Alpha Oumar Konaré (born 2 February 1946) is a former President of Mali for two five-year terms from 1992 to 2002 and was Chairperson of the African Union Commission from 2003 to 2008.
Alpha Oumar Konaré, fourth son of a Bambara teacher and a Fula homemaker, was born in Kayes, Mali, where he went to primary school. He went on to attend Bamako’s Lycée Terrasson des Fougères, the Collège de Maristes of Dakar, Senegal, the Collège Moderne of Kayes and, between 1962 and 1964, the École Normale Secondaire of Katibougou. He completed his advanced studies in history at the École Normale Supérieure in Bamako (1965–1969) and at the University of Warsaw between 1971 and 1975.
He began his professional career as a tutor in Kayes, then a lycée teacher at Markala and Bamako. In 1974, he did research at the Institut des Sciences Humaines du Mali, then, from 1975 to 1978, acted as head of historic patrimony and ethnography at the Ministry of Youth, Sports, Arts, and Culture. In 1980, he was named researcher at the Institut Supérieur de Formation en Recherche Appliquée (I.S.F.R.A), and Professor at the History/Geography department at the Ecole Normale Supérieure of Bamako. In the course of his career, he headed several professional organizations, including the Association of Historians and Geographers of Mali, the West African Association of Archaeologists, and the Union of West African Researchers. Between 1981 and 1992, Konaré served as a consultant for the United Nations Educational, Scientific and Cultural Organization (UNESCO) and the United Nations Development Programme (UNDP). Between 1989 and 1992 he was president of ICOM (International Council of Museums)
Konaré was involved in politics as early as the age of twenty, when he was elected the 1967 Secretary General of the Sudanese Union/African Democratic Rally (US-RDA, the party of President Modibo Keïta) of the École Normale Supérieure of Bamako.
Following the coup d’état of General Moussa Traoré, he became an activist for the Marxist-Leninist, clandestine Malian Party for Work (Parti malien du travail, or PMT).
In 1978, however, he accepted a post in Moussa Traoré’s government as Minister of Youth, Sports, Arts, and Culture. Though he resigned in 1980, his term was marked by the formation of many Malian sports organizations. He went on to found and direct the cultural review “Jamana” in 1983, as well as the cultural cooperative of the same name. In 1989 he also founded the daily newspaper “Les échos,” and in 1991 began “Radio Bamakan,” Mali’s first free radio station.
In 1990, he participated in the creation of the umbrella movement Alliance for Democracy in Mali (Alliance pour la démocratie au Mali, or ADEMA), which united the PMT with a number of other anti-Traoré groups. With the 1991 fall of Moussa Traoré, Konaré helped transform ADEMA into ADEMA/PASJ, an official political party, and served as its delegate to the 1991 National Conference of Mali.
By the end of the democratic transition instituted by Amadou Toumani Touré, he was elected as Mali’s first cleanly elected president in 1992, receiving 69.01% of the vote in the second round against US-RDA candidate Tiéoulé Mamadou Konaté. He was re-elected for a second term in the 1997 presidential election despite a boycott of the ballot in protest of his annulment of legislative elections, and he was sworn in on 8 June 1997.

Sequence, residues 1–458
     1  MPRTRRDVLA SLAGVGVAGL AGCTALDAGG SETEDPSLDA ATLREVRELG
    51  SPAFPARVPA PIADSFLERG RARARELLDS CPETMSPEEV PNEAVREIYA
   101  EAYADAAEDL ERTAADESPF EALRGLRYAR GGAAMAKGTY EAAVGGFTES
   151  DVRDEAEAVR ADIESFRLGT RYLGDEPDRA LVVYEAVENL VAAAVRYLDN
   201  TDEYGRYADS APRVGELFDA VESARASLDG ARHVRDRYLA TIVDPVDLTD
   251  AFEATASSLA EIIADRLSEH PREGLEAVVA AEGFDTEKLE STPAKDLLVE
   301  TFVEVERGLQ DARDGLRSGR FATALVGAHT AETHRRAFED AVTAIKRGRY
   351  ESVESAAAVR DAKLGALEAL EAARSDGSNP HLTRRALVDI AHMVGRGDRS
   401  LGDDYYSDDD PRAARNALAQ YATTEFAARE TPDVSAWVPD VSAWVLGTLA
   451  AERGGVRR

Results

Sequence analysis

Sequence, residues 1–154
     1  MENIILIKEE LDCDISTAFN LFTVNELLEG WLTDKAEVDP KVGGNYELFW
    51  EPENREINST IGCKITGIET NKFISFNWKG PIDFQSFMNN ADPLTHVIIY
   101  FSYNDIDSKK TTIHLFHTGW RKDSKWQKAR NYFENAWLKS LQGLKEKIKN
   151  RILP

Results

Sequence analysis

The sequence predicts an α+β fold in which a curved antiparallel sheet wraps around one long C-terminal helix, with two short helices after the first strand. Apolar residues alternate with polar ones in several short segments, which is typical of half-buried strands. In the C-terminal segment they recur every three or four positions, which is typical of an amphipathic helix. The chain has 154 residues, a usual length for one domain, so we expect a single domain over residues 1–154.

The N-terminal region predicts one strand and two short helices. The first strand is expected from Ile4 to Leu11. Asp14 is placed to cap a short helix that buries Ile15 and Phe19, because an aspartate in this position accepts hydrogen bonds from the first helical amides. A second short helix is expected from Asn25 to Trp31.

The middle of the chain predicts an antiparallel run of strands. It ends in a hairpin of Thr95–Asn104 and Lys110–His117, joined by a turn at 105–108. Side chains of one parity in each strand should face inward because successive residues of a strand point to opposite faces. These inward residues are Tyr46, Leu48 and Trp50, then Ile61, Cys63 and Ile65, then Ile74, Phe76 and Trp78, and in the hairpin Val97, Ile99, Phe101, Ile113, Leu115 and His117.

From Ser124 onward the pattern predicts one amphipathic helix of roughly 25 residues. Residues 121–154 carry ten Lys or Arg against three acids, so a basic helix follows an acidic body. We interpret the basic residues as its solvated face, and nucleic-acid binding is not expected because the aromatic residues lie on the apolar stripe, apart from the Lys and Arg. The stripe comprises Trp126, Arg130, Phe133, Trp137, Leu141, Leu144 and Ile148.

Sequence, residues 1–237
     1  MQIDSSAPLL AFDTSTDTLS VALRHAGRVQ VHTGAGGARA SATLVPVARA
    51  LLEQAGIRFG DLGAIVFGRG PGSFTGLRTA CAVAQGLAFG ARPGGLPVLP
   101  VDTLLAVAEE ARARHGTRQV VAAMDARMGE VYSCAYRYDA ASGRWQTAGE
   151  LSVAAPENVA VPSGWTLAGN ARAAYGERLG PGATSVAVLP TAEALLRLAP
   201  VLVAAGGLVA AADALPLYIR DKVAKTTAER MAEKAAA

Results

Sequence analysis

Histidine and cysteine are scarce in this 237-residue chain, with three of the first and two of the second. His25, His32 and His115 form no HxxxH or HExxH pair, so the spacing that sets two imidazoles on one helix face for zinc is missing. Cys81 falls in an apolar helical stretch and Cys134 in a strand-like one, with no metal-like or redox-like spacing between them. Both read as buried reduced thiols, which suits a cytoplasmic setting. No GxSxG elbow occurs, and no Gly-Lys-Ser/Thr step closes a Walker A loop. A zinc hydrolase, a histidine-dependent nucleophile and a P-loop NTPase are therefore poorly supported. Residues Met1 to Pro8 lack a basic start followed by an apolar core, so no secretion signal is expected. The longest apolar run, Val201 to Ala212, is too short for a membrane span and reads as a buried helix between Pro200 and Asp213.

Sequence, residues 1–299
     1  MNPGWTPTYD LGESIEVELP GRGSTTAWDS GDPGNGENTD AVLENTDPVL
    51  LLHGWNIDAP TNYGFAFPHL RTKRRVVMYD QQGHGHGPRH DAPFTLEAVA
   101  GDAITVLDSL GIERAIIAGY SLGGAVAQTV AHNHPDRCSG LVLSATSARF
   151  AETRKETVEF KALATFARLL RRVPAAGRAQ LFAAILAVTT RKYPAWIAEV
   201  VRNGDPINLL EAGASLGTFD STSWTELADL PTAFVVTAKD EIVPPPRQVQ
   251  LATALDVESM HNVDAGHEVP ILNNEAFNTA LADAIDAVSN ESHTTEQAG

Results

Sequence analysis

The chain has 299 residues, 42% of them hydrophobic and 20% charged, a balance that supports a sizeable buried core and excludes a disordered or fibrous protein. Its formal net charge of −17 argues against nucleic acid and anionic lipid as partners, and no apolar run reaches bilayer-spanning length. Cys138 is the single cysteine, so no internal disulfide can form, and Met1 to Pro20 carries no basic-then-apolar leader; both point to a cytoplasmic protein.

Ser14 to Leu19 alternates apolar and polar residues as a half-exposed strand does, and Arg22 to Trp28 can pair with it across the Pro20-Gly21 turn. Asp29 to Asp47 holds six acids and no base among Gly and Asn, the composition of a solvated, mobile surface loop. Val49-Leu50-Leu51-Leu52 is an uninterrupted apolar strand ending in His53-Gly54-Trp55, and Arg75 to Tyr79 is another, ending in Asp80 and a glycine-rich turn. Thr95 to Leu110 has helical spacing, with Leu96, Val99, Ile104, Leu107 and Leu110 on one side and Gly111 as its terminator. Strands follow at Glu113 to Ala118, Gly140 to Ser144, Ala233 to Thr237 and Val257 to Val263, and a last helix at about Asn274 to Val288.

His terms are noted for the restoration of democracy in spite of the 1997 difficulties, his management of the Tuareg Rebellion in the north, and his decentralization of the government. However, corruption remained a significant problem under Konaré’s administration.
Konaré publicly rendered homage to Mali’s first president, Modibo Keïta, and created a memorial to him in Bamako. Opposed to the death penalty, he commuted the death sentences of Moussa Traoré and his wife to life in prison in 2002. He is also remembered as the man who brought the continent’s most prestigious football tournament, the African Cup of Nations, to Mali in 2002.
On the international stage, Konaré worked for peace and integration in the West African region. He served as president of Economic Community of West African States (ECOWAS) in 1999, and of the West African Monetary Union (UEMOA) in 2000.
Term limited to two presidential terms by the constitution, Konaré left office in 2002 and was succeeded by Amadou Toumani Touré. To date, he is the only Malian president to leave office at the end of his term. On 10 July 2003, he was elected as Chairman of the Commission of the African Union (AU) at a summit in Maputo. He was the only candidate; Amara Essy, who held the post in an interim capacity, withdrew his candidacy prior to the vote. 35 countries voted in Konaré’s favor; there were six votes against him, while four countries abstained.
Konaré raised the ire of civil society in Zimbabwe when, during a visit to Harare on 14 October 2006, in his capacity as Chairperson of the AU Commission, he declined invitations to meet with representatives of non-governmental organizations to discuss the situation in Zimbabwe.
On 25 January 2007, Konaré said that he did not intend to seek another term as Chairman of the AU Commission. On 1 February 2008, Jean Ping of Gabon was elected to succeed him; Ping officially succeeded Konaré as Chairperson of the Commission on 28 April 2008.